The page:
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September 12, 2017

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Reading along with us in Deuteronomy? Here’s today’s reading:

Deuteronomy 20 (ESV)

“When you go out to war against your enemies, and see horses and chariots and an army larger than your own, you shall not be afraid of them, for the Lordyour God is with you, who brought you up out of the land of Egypt. And when you draw near to the battle, the priest shall come forward and speak to the peopleand shall say to them, ‘Hear, O Israel, today you are drawing near for battle against your enemies: let not your heart faint. Do not fear or panic or be in dread of them, for the Lord your God is he who goes with you to fight for you against your enemies, to give you the victory.’ Then the officers shall speak to the people, saying, ‘Is there any man who has built a new house and has not dedicated it? Let him go back to his house, lest he die in the battle and another man dedicate it. And is there any man who has planted a vineyard and has not enjoyed its fruit? Let him go back to his house, lest he die in the battle and another man enjoy its fruit. And is there any man who has betrothed a wife and has not taken her? Let him go back to his house, lest he die in the battle and another man take her.’ And the officers shall speak further to the people, and say, ‘Is there any man who is fearful and fainthearted? Let him go back to his house, lest he make the heart of his fellows melt like his own.’ And when the officers have finished speaking to the people, then commanders shall be appointed at the head of the peopleContinue Reading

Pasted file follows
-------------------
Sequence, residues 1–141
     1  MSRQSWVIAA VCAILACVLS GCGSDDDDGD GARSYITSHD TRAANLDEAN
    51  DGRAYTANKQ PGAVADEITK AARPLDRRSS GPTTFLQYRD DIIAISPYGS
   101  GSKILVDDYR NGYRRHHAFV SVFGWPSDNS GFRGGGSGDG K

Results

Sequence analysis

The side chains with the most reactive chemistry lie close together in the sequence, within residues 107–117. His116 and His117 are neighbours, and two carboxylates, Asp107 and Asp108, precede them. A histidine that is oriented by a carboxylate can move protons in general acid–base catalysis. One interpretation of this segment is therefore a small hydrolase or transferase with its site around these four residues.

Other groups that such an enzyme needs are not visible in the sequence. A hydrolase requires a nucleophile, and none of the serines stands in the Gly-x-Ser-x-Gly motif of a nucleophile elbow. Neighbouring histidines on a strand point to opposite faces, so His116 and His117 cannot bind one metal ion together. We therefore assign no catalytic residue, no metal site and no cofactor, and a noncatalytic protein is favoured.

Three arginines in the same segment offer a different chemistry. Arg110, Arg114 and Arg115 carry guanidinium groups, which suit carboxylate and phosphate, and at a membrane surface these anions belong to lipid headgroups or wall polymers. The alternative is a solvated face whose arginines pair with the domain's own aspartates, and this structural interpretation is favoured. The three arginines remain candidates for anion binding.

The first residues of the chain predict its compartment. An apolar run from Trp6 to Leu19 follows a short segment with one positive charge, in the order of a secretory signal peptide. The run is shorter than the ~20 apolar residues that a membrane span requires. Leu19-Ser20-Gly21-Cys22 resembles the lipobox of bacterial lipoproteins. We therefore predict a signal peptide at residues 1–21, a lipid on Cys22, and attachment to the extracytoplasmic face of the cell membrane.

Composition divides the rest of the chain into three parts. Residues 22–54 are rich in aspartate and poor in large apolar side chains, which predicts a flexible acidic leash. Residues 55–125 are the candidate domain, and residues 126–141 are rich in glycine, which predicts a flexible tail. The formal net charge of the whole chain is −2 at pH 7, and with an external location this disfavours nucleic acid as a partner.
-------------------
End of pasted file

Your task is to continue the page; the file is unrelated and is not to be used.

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This Post Has 5 Comments
  1. This and other passages about war are what kept me from reading the Bible any further when I was sincerely seeking God. Like many, I picked up the Bible and began to read from cover to cover, and when I got to these parts, walked away shaking my head. I didn’t realize there was far more context to what I was reading (Jesus has not come yet, for one!) than what I saw on the pages before me.

    War is a terrible, terrible thing. Is it necessary? Yes, I believe it is sometimes necessary. I’m glad to read here that the first order is to seek peace with your enemies. Peace = NO WAR. But peace is a relative term depending on which side you’re on! “Forced labor” doesn’t sound very peaceable if you’re the one being forced to serve.

    But I note that God is intent on protecting His people from the religious and spiritual influence of those who practice abominations (like offering their children as sacrifices to “gods”). And I know there are some enemies (Satan, for example) who are so darkened in their hearts, so far gone, so intent on destroying those God loves and treasures, they were beyond hope. And God knew exactly who they were.

  2. It is interesting how the priests are involved in warfare, providing encouraging words to the military and reminding them to trust in God who fights for and with them. It is also interesting to see the conditions laid out that would allow someone to not fight. This shows that there are some things more important on a personal level than the battle itself. And again the influence on others is emphasized when the fainthearted are asked to go home so they don’t bring down anyone else.

    And it is good that they would give cities not in the promised land proper a chance to surrender and avoid war/death.

  3. ‘Hear, O Israel, today you are drawing near for battle against your enemies: let not your heart faint. Do not fear or panic or be in dread of them, 4for the Lord your God is he who goes with you to fight for you against your enemies, to give you the victory.’ 5

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